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5 Keys to Good Diabetes Care

Getting your diabetes under control takes collaboration between you, your family and friends, and your health care team. Studies have shown that people respond better when they are an active part of the healthcare decision-making. That means you can’t be entirely passive in your interaction with your health care team. Your doctors know the medicine, but you know what is and isn’t possible for you. In addition, you will do better if you aren’t an island. The people who have the best outcomes have the support of their family and friends. It makes sense: Most of those close to you have your best interest at heart. But it is up to you to guide them to the areas in which you need help, and steer them away from being the diabetes police.

Here are a few ways to get you and your diabetes care team on the same page:

Treat to Target.
You may have heard this term before, but not known what it means. Treating to target is a method to focus health care providers’ attention on clinical measures; it helps them avoid clinical inertia. Did you know that only 53 percent of people in the U.S. meet their A1C goals and only 19 percent(!!!) have their blood pressure, cholesterol and A1C where they should be? Part of the problem comes from health care providers not being proactive enough. For example, if you are on three oral agents and your A1C is 9, stop kidding yourself. You need insulin.

You doctor isn’t doing you any favors by postponing the inevitable. So know your numbers and know what your goals are; if you are not there, ask your health care provider what you and he/she can do about it.

Be Patient-Centered.
The conversation has to be about you, not some hypothetical, archetypical person with diabetes, but YOU with all the barriers you bring to the table. In a treatment designed for you, the goals may need to be tweaked. For example, the American College of Clinical Endocrinologists has a goal of 6.5 percent for A1C. However, if you are elderly or have multiple other chronic conditions, 7.5 percent may be just fine. Similarly, metformin may be a wonderful drug and the first line of drug treatment for diabetes, but if you can’t leave the bathroom when you are on it, it isn’t for you.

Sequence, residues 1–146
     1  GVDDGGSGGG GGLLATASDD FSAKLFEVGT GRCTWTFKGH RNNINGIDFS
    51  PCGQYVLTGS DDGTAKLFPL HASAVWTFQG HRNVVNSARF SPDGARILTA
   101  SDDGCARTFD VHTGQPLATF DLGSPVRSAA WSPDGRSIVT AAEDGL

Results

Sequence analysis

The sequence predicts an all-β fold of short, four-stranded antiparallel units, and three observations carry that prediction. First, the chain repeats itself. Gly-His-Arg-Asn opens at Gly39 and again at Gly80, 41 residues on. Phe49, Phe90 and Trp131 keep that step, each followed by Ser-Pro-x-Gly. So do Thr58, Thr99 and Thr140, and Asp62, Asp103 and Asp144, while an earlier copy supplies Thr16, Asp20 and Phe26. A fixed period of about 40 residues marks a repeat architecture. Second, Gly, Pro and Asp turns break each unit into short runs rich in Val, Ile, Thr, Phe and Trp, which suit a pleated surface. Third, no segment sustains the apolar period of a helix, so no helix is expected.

Blood Pressure First.
The focus of diabetes treatment is on getting blood glucose in control, but, in truth, cardiac risk factors are the ones that kill. Getting and keeping blood pressure in range is one of the most important things you can do to prevent both heart and kidney damage. If your blood pressure reading is greater than 140/90 mmHG, you may want to talk with your doctor about adding or changing your blood pressure medications.

Shared Medical Appointments.
This may sound strange at first and it may not be for everybody, but sharing medical appointments has some advantages. (Physical exams are done individually.) Shared medical appointments open you up to the realization that you are not alone. Talking with others is a great way to find out the strategies that have been successful for them. Another real advantage is that you get to spend more time with your doctor. Except for the first time you meet with him or her, the average time you spend with your health care provider may be 10 or 15 minutes per office visit. Often that is barely time to remember what you wanted to talk about, let alone have a serious discussion about it. In a shared medical visit, the doctor is generally in the room for 45 minutes to 1 hour.

Follow Up.
Diabetes isn’t an ear infection. You can’t take a week’s worth of pills and eradicate it. Unfortunately, it is a life-long disease which requires that you check in on a regular basis. The health care team can’t help you if you don’t show up to your appointments. Keeping diabetes in control means you will be making doctor appointments quarterly.


What have you done to get you and your diabetes care team working together better? Have you ever gone to a shared medical appointment? Would you consider it? I'd love to hear your thoughts.

Live well and enjoy!

Nora
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